Sweden’s Tomas Alfredson makes his English-language directorial debut with “Tinker Tailor Soldier Spy,” an adaptation of John le Carré’s popular British spy-novel featuring an all-star cast including Gary Oldman, Colin Firth, Mark Strong and Tom Hardy. Fresh off of wrapping production on “The Dark Knight Rises,” Christopher Nolan’s conclusion to his celebrated Batman trilogy, Gary Oldman recently joined Alfredson in San Francisco to talk about careers, homoeroticism and why contemporary audiences will still enjoy their Cold War-set story.
For Alfredson, the journey all began in 2008 with the unprecedented international success of his vampire flick “Let the Right One In.” The scripts came pouring in, and yet he doubted whether he could execute any of them–daunted, in part, by directing in a language other than his native Swedish.
“I wasn’t sure if it was the right thing for me to do,” Alfredson confessed, “so I just rejected everything that came up until someone said that Working Title [Films, a British production company] had retrieved the rights to this book.” The director had read the book and watched the mini-series years ago, so when he expressed interest in the project, everything fell into place–well, almost.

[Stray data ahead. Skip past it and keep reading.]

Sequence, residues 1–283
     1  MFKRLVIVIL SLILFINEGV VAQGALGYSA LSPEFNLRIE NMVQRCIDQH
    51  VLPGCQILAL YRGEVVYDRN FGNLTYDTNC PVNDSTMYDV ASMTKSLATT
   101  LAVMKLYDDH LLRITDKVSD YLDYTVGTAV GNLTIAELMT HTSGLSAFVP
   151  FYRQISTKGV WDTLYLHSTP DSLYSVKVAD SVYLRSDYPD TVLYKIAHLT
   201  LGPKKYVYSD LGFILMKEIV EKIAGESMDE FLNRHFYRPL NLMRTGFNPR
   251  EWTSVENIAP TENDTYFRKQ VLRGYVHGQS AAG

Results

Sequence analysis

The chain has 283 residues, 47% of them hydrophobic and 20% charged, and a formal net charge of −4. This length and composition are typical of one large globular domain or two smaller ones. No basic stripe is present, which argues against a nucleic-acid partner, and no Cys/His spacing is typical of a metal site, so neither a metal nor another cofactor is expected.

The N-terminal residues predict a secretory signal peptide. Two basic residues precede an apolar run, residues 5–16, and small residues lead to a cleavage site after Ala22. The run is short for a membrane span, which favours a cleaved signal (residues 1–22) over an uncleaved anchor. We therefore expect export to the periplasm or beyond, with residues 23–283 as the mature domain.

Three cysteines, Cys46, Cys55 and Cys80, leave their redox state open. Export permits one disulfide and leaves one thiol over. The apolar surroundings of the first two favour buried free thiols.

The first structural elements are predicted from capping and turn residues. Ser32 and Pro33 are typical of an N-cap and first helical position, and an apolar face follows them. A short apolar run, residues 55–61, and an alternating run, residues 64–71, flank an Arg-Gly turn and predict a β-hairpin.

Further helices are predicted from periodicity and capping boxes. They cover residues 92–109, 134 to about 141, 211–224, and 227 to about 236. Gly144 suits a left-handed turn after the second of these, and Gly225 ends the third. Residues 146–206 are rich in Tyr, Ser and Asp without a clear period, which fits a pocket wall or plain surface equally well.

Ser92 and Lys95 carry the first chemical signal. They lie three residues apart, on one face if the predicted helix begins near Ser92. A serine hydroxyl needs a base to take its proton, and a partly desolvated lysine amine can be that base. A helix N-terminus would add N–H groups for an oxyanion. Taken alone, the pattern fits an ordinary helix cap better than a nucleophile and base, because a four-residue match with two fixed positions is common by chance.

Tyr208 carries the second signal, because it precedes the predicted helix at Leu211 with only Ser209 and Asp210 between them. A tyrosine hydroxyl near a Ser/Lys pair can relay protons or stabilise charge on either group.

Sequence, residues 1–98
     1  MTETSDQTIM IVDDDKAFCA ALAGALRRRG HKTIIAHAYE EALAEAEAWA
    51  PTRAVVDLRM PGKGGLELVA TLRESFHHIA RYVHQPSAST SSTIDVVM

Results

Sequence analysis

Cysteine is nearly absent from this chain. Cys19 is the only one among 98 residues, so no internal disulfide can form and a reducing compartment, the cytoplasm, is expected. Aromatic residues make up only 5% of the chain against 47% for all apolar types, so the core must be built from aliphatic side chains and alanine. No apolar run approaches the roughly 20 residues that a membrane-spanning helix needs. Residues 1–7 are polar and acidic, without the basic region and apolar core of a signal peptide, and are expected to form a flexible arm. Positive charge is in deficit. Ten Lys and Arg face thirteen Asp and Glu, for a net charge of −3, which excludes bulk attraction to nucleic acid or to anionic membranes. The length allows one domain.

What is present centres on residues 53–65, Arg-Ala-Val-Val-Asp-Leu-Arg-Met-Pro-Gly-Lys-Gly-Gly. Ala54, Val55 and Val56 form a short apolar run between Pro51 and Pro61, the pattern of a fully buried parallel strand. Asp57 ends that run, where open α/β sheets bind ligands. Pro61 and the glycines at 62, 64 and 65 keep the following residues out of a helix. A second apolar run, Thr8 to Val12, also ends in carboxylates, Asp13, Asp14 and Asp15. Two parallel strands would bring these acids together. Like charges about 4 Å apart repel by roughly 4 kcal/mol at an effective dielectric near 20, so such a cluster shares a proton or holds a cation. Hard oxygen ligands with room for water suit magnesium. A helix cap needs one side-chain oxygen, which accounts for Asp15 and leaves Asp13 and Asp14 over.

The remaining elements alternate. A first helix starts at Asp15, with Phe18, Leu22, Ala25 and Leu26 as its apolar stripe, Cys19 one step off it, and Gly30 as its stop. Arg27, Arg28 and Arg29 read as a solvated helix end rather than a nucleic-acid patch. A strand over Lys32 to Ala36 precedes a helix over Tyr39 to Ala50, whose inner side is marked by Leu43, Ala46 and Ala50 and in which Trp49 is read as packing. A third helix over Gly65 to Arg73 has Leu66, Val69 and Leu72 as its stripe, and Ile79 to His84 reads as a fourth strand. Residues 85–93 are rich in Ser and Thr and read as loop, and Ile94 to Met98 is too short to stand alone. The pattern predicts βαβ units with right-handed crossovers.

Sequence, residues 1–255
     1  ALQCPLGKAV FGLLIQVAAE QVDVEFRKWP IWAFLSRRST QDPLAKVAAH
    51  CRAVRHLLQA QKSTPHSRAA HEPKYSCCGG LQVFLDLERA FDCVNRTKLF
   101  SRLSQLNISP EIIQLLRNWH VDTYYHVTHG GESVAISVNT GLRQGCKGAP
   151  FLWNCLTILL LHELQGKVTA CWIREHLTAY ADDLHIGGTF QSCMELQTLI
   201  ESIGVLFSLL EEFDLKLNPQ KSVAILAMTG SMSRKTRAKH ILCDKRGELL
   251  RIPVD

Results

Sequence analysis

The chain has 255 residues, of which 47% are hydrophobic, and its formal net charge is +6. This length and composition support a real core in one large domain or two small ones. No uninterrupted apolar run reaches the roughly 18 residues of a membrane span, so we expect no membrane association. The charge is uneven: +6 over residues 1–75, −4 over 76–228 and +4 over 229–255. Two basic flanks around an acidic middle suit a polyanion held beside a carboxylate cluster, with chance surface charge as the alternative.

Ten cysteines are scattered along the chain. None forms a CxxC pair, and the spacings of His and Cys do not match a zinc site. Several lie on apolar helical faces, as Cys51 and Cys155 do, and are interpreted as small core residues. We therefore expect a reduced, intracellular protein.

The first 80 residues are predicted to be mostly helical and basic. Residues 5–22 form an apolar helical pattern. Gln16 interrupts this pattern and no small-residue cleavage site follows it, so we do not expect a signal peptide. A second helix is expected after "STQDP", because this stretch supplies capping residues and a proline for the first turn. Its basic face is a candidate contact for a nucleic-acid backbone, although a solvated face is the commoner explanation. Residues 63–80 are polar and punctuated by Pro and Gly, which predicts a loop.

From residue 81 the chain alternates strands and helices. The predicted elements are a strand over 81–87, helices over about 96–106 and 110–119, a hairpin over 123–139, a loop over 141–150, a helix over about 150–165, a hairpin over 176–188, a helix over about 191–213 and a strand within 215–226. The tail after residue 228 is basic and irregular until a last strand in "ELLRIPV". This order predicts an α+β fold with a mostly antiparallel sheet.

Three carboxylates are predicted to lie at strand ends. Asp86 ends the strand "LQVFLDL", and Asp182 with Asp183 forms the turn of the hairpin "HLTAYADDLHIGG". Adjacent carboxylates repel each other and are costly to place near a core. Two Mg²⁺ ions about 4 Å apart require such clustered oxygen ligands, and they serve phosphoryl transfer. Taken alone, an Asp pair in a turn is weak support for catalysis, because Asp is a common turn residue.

Casting the role of protagonist George Smiley proved to be the biggest hurdle.
“In the book, he’s described as someone that you would immediately forget,” Alfredson elaborated, “so the problem was to find an actor not uninteresting, but to play uninteresting.”
After six months of deliberation, his team began to get a sense of “If we can’t find this man, let’s not do this film.” But fortunately, when casting director Jina Jay came up with veteran actor Gary Oldman, it was an instant fit, after which they simply cast the rest around him.
Oldman remembered Alfredson’s worries on the set as he complained that “50 to 60 percent of his [linguistic] tools were taken away.”
However, “when you’re working on a film set with actors for 12 hours a day and that is your only way of communication…you get into a shorthand really quickly,” the actor continued, emphasizing that the language of film is universal.
Linguistic barriers aside, Alfredson enjoyed quite a bit of freedom in crafting his version of the story.
“John le Carré said in the beginning of the process, ‘If you need me, I will answer the phone, but I won’t call you and I won’t interfere,’” the director recounted.
“Since he himself was a spy in the ‘60s, he was a great help to have, because he knows and remembers everything about all the details, documents, how stuff looked and so on and so forth,” Alfredson said.
The author also proved a valuable resource to Oldman, who added that, “A lot of the history of George was from [le Carré’s] own experience.”
When asked about his extraordinary, chameleon-like performances, Oldman, in contrast with known method-actors who notoriously stay in character day-in and day-out, merely said that, “Once you’ve got a character and you’ve done the work, then you can switch it on and off.”
With that said, the lead-up to a shoot can be more intense.
“I always scare the dogs and the kids when I’m doing a role that’s slightly more [energetic] than George,” Oldman joked.